For the Fairfax world traveller, the concept of nationality and nationhood has become irrelevant. One cannot be sure but the article reads as though he believes patriotism and nationalism are one and the same. Many, including myself, will disagree on that point.

I take a patriot to be someone who loves their country above all else in the sense that they would unflinchingly put the common good for their compatriots ahead of any personal gain. Patriotism, in this sense, is a good thing.

Like it or not (and The Backpacker doesn't) nation states are the prime mechanism for citizens to group together for each other's benefit. They are also the key vehicle through which large numbers of citizens (one nation state) communicate with others (in other nation states) to encourage fairer trade, protect our natural environment and encourage world peace, to name a few laudable objectives. In other words, by being good citizens of our nation state and by Australia taking helpful and constructive positions on the international stage, we are in fact being what The Backpacker professes to want, namely good citizens of the world.

I think it is also a good thing to take pride in your country. Pride in its achievements as a nation and pride in the achievements of fellow Australians can inspire others to follow suit and be the best they can be. That people in other countries do the same thing does not mean one must be better than another, simply that we take pride in what we do well. Since when has that been a bad thing?

Nationalism is another kettle of fish. The thin veneer of what I call Vegemite nationalism clearly offends The Backpacker. Yes it can get ugly and none of us see the charm in that, but it can also be both uplifting and harmless. The Backpacker seems revolted at the VB-drinking, footy-watching Australians who holiday in Kuta which is, I think, a little harsh.

Yes, when the Olympics are on we do tend to support our country "like it's a football team". Given the most transparent thing I saw in the International Olympic Committee during my visits there (when the World Anti-Doping Agency was being established ) was the glass elevator, one might have good reason to think carefully about the time and money we put into the Olympics.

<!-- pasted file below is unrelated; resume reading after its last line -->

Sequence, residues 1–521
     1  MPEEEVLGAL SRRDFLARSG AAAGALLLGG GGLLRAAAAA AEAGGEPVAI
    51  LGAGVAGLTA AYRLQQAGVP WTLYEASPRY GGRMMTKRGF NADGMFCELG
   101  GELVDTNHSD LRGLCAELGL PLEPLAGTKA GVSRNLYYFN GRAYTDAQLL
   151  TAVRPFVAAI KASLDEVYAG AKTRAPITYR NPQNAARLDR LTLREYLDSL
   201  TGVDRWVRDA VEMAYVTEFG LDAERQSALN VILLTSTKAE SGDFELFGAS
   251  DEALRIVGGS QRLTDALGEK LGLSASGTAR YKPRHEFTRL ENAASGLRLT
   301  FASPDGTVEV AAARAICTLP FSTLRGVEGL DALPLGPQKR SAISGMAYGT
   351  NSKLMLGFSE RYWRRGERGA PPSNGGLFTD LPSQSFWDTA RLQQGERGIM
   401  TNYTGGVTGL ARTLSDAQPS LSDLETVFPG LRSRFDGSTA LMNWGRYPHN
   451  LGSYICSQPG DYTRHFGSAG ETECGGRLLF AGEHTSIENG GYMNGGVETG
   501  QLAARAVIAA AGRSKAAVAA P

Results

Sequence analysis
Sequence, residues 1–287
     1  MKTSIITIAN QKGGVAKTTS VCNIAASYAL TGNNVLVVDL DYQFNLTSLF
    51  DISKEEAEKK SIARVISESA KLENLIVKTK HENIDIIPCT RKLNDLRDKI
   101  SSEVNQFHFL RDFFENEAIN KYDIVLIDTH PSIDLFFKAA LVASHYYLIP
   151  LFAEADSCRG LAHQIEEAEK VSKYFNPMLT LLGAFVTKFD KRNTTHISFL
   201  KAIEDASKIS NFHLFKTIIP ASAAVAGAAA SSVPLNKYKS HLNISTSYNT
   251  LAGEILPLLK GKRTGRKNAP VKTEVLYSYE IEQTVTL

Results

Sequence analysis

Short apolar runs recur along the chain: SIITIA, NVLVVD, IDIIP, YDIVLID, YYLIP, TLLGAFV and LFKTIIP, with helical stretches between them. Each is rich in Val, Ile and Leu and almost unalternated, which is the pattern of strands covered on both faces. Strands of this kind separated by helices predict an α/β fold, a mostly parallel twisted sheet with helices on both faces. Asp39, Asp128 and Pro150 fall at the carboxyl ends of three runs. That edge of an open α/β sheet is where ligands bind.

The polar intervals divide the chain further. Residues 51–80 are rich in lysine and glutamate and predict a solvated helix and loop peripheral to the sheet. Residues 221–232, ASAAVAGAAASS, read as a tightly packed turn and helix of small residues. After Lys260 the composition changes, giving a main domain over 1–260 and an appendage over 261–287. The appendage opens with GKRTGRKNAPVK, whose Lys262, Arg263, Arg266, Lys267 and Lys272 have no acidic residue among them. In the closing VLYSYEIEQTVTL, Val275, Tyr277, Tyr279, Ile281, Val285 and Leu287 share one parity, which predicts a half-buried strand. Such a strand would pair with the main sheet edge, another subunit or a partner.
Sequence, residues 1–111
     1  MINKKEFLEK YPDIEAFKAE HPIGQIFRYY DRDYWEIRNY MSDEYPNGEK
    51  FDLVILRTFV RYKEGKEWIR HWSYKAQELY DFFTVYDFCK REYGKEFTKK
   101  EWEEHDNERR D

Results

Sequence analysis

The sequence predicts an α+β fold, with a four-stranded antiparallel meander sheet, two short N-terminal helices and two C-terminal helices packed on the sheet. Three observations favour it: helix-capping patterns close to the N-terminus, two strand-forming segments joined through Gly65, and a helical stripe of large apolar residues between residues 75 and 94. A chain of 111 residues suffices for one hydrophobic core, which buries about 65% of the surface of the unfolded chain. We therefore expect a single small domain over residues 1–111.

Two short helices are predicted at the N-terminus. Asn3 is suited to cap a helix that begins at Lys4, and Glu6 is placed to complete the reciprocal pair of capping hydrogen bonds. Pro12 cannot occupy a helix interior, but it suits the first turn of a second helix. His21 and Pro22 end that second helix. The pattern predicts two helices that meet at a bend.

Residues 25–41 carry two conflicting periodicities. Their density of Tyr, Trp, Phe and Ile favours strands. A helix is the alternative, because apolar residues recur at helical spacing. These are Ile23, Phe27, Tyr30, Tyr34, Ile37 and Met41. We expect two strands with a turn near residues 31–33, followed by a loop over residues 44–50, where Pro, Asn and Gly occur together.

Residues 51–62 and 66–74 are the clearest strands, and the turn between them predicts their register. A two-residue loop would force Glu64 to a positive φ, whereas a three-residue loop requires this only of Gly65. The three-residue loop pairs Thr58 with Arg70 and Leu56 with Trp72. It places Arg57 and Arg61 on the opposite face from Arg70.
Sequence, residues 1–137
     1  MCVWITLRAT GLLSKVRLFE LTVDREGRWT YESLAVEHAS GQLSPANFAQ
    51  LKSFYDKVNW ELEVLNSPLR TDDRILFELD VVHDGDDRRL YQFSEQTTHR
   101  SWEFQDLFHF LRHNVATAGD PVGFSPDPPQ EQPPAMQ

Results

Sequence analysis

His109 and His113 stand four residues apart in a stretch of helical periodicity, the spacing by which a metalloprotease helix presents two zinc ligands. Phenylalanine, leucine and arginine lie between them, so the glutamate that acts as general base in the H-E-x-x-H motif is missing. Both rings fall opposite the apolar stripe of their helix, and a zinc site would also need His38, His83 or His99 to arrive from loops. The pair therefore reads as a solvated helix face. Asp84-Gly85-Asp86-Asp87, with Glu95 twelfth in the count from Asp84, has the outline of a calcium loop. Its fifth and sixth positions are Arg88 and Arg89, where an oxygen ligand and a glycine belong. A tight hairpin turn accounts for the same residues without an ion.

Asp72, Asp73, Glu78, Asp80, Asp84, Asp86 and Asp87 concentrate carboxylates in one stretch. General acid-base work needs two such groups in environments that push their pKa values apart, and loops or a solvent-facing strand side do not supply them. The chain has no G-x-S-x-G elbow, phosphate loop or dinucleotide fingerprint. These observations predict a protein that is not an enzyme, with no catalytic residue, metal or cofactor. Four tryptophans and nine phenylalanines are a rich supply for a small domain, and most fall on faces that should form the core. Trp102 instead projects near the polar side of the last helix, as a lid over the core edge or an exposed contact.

Perhaps we should follow India and admit to higher priorities for government spending. Be that as it may, whenever and wherever we are competing I think it is good that we support our team. (Although if Eric Moussambani Malonga, "The Eel", has a crack at it in 2016 I will quietly give him a cheer or two as well).

There is a more acrid form of nationalism that seeks to garner genuine feelings of pride and brotherhood about ourselves and derail them into ugly sentiments about others. A positive is turned into a negative, often to carry the ego of those with narrow and ugly minds. This type of nationalism is especially unattractive - as are the people that support it. Here's a tip: keep away from them.

The Backpacker hates the standard conversation lubricant among new acquaintances overseas "Where do you come from". He says it should be irrelevant without saying why. Quite apart from being handy to even the most shy and inept conversationalist it also holds the possibility of opening up rich avenues of participation for the other person. At the very least it does them the courtesy of showing an interest in them.

The questioner discovers where the person comes from, which gives perhaps just a little insight into the respondent and highlights possible avenues for further conversation.

For example, if they come from Argentina it is a fair bet they will have something to say about Eva Peron, the Falkland Islands or great steaks.

The respondent on the other hand has the opportunity to give very little or quite a lot. It is not so much a banal and irrelevant question as an invitation to communicate, to share stories and knowledge in a gradual way. It is an invitation to interact with others as The Backpacker would have us do, as citizens of the world.

We are just acknowledging the reality that we come from different parts of the world and consequently have vastly different experiences to share.

The Backpacker points out that it is just dumb luck for Australians to have been born on this piece of land. Putting aside the complexities of citizenship being a tad more complicated than where you were born, dumb luck doesn't seem appropriate to me. Unbelievable, windfall, mega luck gets a little closer.